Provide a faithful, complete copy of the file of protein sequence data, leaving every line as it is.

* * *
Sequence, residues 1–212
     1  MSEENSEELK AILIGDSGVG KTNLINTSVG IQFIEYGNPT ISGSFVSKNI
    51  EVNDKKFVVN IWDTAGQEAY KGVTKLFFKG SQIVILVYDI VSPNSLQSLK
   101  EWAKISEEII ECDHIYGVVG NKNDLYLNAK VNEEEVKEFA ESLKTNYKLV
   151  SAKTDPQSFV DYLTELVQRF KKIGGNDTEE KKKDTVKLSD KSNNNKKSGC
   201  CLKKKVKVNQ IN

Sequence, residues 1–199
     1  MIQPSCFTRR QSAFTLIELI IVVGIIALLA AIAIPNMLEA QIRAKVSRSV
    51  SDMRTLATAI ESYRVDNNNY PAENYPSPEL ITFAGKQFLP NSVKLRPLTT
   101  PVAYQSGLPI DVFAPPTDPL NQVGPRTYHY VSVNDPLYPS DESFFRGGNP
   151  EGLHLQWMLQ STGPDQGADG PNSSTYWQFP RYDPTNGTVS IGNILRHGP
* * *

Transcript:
Sequence, residues 1–212
     1  MSEENSEELK AILIGDSGVG KTNLINTSVG IQFIEYGNPT ISGSFVSKNI
    51  EVNDKKFVVN IWDTAGQEAY KGVTKLFFKG SQIVILVYDI VSPNSLQSLK
   101  EWAKISEEII ECDHIYGVVG NKNDLYLNAK VNEEEVKEFA ESLKTNYKLV
   151  SAKTDPQSFV DYLTELVQRF KKIGGNDTEE KKKDTVKLSD KSNNNKKSGC
   201  CLKKKVKVNQ IN

Sequence, residues 1–199
     1  MIQPSCFTRR QSAFTLIELI IVVGIIALLA AIAIPNMLEA QIRAKVSRSV
    51  SDMRTLATAI ESYRVDNNNY PAENYPSPEL ITFAGKQFLP NSVKLRPLTT
   101  PVAYQSGLPI DVFAPPTDPL NQVGPRTYHY VSVNDPLYPS DESFFRGGNP
   151  EGLHLQWMLQ STGPDQGADG PNSSTYWQFP RYDPTNGTVS IGNILRHGP